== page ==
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Revere Beach Reservation

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1895–1905, Olmsted, Olmsted and Eliot, landscape architects; Stickney and Austin, architects. Revere Beach Blvd.
  • With Police Station

Revere Beach is the first ocean-bathing recreational area acquired by the public sector in the United States and one of the most dramatic accomplishments of the newly established Metropolitan Park Commission. Charles Eliot, the consulting landscape architect for the commission, recommended the acquisition of the property in 1893 and oversaw the development of the beach between 1895 and his death in 1897. With an initial $1,000,000 appropriation from the legislature, the commission removed a railroad from the crest of the beach, eliminated shoddy private amusement facilities, and constructed eight bathing pavilions (1895 and 1905), a bandstand (1895), a bathhouse (1898, now demolished), police station (1899), and superintendent's house (1905), all to the designs of William Stickney. The restored bathing pavilions and bandstand are cast-iron structures set at the crest of the beach. Across Revere Beach Boulevard at the center of the reservation stands the Police Station, a red brick tile-roofed building with a campanile-like tower from which to survey the beach. The immense popularity of Revere Beach lead to the construction of hotels and amusement parks on the land side of the reservation. Although those buildings have been replaced by private houses and apartment buildings, the beach still attracts large crowds on summer weekends to enjoy the uninterrupted stretch of ocean beach that Eliot fought to reclaim.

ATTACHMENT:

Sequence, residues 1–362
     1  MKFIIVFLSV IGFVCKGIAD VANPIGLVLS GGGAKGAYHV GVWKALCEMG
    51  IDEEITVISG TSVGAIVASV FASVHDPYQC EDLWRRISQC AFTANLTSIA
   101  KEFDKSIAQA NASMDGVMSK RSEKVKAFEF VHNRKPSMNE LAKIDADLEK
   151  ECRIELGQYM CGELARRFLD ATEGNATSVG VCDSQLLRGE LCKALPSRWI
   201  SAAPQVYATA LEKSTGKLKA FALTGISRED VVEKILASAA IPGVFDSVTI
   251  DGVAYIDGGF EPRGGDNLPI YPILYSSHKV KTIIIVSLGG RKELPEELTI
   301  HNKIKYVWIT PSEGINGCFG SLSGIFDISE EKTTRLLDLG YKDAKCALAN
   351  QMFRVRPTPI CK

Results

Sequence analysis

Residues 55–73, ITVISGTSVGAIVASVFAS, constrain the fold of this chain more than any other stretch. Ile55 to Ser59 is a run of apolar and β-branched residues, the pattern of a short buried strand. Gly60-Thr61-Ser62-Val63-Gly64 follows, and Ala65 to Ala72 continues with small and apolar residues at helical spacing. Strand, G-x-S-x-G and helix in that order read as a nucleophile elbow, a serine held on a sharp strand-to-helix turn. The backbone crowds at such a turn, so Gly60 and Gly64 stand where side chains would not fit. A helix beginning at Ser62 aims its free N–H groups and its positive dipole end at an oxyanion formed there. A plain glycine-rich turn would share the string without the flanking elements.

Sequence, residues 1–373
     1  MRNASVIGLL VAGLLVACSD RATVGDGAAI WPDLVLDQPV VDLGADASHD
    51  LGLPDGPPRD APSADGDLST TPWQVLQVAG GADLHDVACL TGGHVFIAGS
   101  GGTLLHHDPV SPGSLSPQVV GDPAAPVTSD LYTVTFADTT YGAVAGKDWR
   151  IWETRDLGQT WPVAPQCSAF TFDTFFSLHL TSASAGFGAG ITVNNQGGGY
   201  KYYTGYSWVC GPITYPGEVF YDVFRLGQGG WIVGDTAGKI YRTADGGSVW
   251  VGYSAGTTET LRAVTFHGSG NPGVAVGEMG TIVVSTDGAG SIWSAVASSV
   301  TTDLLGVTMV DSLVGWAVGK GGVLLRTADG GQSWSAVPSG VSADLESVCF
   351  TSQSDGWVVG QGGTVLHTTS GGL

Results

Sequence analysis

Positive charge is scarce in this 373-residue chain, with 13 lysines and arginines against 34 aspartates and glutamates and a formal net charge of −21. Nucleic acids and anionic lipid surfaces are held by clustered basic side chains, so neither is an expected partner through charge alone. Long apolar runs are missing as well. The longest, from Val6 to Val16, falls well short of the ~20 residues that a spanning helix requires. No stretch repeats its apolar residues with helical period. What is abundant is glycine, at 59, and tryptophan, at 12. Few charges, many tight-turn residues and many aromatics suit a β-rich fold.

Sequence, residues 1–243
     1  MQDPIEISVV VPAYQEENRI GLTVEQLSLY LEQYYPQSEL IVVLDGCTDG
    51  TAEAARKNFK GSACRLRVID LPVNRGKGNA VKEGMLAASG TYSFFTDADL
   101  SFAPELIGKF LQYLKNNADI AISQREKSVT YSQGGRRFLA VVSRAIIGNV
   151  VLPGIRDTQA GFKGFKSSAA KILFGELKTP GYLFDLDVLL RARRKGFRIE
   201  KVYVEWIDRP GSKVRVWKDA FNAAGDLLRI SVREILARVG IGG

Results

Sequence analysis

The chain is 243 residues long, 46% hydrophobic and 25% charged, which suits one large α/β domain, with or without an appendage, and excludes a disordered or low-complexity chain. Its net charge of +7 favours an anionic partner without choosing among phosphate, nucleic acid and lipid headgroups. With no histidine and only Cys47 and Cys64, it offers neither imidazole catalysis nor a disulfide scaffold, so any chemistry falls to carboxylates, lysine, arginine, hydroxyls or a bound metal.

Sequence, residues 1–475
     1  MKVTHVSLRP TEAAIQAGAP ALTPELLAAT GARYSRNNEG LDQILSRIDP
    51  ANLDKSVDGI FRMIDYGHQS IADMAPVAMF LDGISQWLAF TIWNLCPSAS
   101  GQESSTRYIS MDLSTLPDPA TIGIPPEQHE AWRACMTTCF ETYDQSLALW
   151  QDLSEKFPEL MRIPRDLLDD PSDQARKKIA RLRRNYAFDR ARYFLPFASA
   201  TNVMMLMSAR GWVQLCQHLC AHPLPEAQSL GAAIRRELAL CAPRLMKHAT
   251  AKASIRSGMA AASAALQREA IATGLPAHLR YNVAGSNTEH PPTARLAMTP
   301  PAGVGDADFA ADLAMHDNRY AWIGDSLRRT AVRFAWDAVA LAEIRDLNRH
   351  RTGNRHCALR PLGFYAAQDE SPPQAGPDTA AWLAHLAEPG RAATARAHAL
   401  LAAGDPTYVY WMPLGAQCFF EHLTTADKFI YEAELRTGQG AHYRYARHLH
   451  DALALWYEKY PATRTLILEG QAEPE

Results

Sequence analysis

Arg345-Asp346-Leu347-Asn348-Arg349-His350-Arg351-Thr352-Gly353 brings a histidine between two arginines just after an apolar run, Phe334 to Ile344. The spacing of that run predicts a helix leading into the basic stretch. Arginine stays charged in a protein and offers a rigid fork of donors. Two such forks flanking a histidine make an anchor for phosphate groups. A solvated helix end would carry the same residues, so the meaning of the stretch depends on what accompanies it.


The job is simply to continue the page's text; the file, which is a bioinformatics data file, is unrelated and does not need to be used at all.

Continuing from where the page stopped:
Writing Credits

Author: 
Keith N. Morgan
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Data

What's Nearby

Citation

Keith N. Morgan, "Revere Beach Reservation", [Revere, Massachusetts], SAH Archipedia, eds. Gabrielle Esperdy and Karen Kingsley, Charlottesville: UVaP, 2012—, http://sah-archipedia.org/buildings/MA-01-RV1.

Print Source

Cover: Buildings of Massachusetts

Buildings of Massachusetts: Metropolitan Boston, Keith N. Morgan, with Richard M. Candee, Naomi Miller, Roger G. Reed, and contributors. Charlottesville: University of Virginia Press, 2009, 368-368.

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